Raiding the cellar seems to be a popular diversion for the last couple of months. First all the restaurants were closed and then they were only open for carry-out and then finally they were allowed to open, but at thirty to fifty percent capacity. So, the wine bloggers that have been collecting, not hoarding, wine have been able to survive in relative peace and harmony, as long as they have food to go along with the wine. It has been an interesting time for observations and for pundits as well, but I will try to refrain from getting into the fray. I have had the good fortune to have retired, before all of this insanity occurred and I have been taking a good inventory of what we have amassed, as well as reorganizing the entire collection. I had cases of wine all over the basement, as I had to box up some of the wine, to make room on the wine rack to start recording every wine, and I am doing it first old school with lined paper and pen. It is also been a great time to start pulling some of the wines that had been forgotten about, so that we can drink them, and hopefully they haven’t gone bad. At the moment, I think that we have discovered four bottles, so that is not too bad, but I am sure that by the time this is over, we may find more that have not survived, just like the restaurants and businesses.
One of the first things that I did was try to get all the white wines together, so that they can find a new home up in the wine vault in the family room, which is another job in itself. The white wines have been a bit scarier, as the odds are that they won’t age as well as a First Growth or a Barolo, which need time for the tannins to soften and mellow out. I found a bottle from a wine shop that went out of business long prior to what is going on. The wine was imported by American Wine Distributors, Inc. of San Francisco, California and they are out of business, as I was doing some research. The wine was made by Fetish Wines Pty Ltd. of Adelaide, South Australia; and they also appear to be out of business. A very catchy name for a company and surely it would have attracted attention on the shelves. Rolf Binder was the winemaker of the wines by the company and I have found Wine Spectator scores for some of the wines at 89 and 90, and they also had acclaim by Robert Parker. Some of the wines had very interesting names and labels such as: Moscato Field of Dreams, Playmates Grenache, Playmates Shiraz, Playmates SGM, the Watcher, the Wacker and Tawdry Shiraz. All kind of intriguing labels and names, to say the least.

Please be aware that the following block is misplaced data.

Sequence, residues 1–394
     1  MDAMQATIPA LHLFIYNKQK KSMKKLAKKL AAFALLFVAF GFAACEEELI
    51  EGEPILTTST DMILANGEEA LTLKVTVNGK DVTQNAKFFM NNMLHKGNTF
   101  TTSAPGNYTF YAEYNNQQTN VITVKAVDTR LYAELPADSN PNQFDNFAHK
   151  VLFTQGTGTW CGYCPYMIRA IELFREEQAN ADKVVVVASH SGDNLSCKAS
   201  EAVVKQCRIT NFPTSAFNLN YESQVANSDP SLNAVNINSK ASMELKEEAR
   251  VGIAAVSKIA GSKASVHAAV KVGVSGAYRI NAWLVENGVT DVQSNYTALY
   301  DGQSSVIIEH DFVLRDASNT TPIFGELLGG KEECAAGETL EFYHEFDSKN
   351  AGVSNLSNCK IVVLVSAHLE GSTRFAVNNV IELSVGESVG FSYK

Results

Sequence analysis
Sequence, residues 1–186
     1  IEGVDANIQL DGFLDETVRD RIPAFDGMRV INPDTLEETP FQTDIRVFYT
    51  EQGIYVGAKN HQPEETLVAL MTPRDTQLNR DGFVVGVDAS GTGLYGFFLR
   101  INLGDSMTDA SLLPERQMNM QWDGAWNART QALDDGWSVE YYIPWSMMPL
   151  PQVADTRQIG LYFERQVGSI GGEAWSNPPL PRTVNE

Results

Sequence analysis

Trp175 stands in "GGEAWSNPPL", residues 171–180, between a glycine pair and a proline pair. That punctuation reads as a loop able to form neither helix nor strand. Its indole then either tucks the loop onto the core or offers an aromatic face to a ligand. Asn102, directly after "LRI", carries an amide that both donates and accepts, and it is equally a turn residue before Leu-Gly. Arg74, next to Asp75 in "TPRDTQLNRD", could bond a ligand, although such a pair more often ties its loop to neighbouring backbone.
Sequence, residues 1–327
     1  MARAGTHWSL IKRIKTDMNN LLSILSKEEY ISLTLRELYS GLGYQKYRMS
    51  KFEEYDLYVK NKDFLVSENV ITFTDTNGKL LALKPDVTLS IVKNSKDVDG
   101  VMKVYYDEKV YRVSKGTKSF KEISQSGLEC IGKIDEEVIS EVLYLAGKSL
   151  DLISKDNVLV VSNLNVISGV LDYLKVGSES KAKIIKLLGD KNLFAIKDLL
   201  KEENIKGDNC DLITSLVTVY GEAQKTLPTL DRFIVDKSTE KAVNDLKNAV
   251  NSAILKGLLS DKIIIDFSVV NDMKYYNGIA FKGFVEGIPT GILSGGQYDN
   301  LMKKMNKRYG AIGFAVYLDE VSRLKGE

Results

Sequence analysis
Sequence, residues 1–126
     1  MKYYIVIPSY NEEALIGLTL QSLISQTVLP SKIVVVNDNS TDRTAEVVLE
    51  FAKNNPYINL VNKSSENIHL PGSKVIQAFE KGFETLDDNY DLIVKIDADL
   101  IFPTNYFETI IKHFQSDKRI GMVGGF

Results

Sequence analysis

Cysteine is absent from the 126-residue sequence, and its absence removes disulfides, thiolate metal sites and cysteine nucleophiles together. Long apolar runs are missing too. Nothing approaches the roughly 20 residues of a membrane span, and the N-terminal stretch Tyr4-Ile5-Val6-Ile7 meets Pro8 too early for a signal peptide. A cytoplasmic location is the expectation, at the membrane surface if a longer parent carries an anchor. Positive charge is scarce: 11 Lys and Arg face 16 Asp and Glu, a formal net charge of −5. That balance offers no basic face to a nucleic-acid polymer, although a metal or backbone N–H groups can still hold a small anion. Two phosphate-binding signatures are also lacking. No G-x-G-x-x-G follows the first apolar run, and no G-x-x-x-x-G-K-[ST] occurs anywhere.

Which leads me to the wine that I discovered in my collection Fetish Wines “The V Spot” Viognier Barossa Valley 2008. I have to say, that even the back label was rather intriguing in its write-up and ballyhoo. “You definitely know it when you find it, and, once you find it you will never forget it. Fetish “The V Spot” Viognier is the sort of wine that you’ll want to find over and over again.” I had good fortune with another older Viognier, but I did have my concerns as this wine had a screw cap, but then so do some of the Chateau d’Yquem wines. The wine still had a floral nose, though not as pronounced as a fresh Viognier, and neither of us could put into words what the wine was, but it was delicious, smooth and rather mysterious, perhaps we had found the V Spot, and alas never to find it again. Another happy ending for a twelve-year-old white wine, that has no provenance per se, but it surpassed all expectations, so a good lesson and a fun moment, and in these times, we do need fun and good news.
What a fortunate experience opening that white all these years later and it turned out perfectly. You’re right John, a good time to clean and organize the cellar and other parts. Cheers!
Girl in Niagara, thank you for stopping by and all of these years later, I am still learning more about wines, so I never try to presume anything. – John